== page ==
10 February 2016

Ethiopia: Food Aid to Run Out in Ethiopia Unless Donors Step in, Says Charity

Photo: UNICEF Ethiopia/2015/Tanya Bindra
Nine-year-ole Zahara Ali cooks breakfast in a rural village in the Dubti Woreda, Afar Region, Ethiopia.

Addis Ababa — Emergency food aid for 10 million Ethiopians hit by the worst drought in 50 years will run out in April unless donors provide more funds by the end of February, the charity Save the Children said on Wednesday.

"The international community has just three weeks to provide $245 million in emergency food aid to help prevent a potentially catastrophic escalation in severe acute malnutrition (SAM) cases..." it said in a statement.

"If these emergency funds do not arrive in time, there is no question that there will be a critical fracture in the food aid supply pipeline," country director John Graham said in the statement.

Save the Children Statement: Ticking Clock on Ethiopia Drought

The $245 million now being sought is the cost of food aid for Ethiopia for the three months from May to July, Graham said.

It can take four months to buy food aid and transport it into landlocked Ethiopia via neighbouring Djibouti's congested port, so the window for action "is rapidly closing," the charity said.

The El Nino weather phenomenon has caused drought and flooding across Africa, leaving 20 million people short of food in the south of the continent and 14 million in the east, the United Nations says.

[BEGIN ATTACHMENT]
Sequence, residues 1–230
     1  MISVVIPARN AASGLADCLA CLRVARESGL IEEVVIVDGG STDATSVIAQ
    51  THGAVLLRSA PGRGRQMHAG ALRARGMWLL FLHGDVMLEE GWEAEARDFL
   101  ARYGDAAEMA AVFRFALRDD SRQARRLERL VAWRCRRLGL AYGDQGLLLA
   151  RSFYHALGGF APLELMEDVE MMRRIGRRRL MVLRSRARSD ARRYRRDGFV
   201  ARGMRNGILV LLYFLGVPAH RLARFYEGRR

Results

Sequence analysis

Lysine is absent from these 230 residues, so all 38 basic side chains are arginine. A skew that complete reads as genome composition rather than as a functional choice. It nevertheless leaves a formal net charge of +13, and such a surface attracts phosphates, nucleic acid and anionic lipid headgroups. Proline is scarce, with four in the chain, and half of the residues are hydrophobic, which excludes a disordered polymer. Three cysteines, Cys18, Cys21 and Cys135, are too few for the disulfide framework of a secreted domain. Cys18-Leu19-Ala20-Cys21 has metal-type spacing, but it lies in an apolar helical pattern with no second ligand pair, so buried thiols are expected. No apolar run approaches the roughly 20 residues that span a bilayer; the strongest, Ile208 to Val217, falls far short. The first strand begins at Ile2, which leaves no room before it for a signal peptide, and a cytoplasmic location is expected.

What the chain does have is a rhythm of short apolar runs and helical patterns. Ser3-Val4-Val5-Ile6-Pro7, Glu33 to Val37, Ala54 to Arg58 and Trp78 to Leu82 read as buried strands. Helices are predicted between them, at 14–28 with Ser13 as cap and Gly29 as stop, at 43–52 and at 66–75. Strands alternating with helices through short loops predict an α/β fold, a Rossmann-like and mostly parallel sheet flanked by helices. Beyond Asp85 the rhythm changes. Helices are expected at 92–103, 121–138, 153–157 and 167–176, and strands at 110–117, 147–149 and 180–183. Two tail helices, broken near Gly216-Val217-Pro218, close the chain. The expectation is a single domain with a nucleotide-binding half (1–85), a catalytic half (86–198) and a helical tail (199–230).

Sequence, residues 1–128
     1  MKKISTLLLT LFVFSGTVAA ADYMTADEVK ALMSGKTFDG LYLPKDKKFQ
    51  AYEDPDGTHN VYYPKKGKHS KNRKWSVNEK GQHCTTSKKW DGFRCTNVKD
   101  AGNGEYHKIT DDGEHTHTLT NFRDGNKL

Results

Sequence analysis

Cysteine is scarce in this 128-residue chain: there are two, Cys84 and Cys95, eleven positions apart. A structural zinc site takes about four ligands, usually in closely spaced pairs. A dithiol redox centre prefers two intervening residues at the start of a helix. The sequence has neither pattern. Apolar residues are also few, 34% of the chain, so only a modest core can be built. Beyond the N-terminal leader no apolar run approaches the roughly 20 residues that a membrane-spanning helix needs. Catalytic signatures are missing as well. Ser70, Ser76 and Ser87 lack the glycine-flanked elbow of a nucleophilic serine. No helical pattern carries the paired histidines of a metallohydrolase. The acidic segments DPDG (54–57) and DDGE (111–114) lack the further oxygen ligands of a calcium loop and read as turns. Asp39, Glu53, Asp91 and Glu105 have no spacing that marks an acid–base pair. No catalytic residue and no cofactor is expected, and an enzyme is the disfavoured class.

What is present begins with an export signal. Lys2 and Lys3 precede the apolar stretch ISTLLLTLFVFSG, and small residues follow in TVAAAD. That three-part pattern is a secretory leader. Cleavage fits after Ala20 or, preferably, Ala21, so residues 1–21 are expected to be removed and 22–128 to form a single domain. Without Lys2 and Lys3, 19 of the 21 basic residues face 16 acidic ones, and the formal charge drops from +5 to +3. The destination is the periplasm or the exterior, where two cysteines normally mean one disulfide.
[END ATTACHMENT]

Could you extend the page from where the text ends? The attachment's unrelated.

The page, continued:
The number in need is greatest in Ethiopia, Africa's second most populous country.

Famine, triggered by war and drought, killed one million people in Ethiopia in 1984. The nation now has one of Africa's fastest-growing economies but many people are still small-scale farmers and herders dependent on seasonal rains.

A $1.4 billion appeal by the government and aid partners for 2016 has raised $680 million, U.N. figures show.

More than 400,000 Ethiopian children under five are predicted to suffer from severe malnutrition this year, and a further 1.7 million under-fives, pregnant women and breast-feeding mothers will need treatment for moderate malnutrition.

The World Food Programme has started importing food from Berbera in Somaliland to speed up the process.

(Reporting by Katy Migiro, editing by Tim Pearce. Please credit the Thomson Reuters Foundation, the charitable arm of Thomson Reuters, that covers humanitarian news, women's rights, property rights and climate change. Visit http://news.trust.org to see more stories.)

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Ticking Clock on Drought - Donors Must Act in 3 Weeks to Avoid Catastrophic Malnutrition

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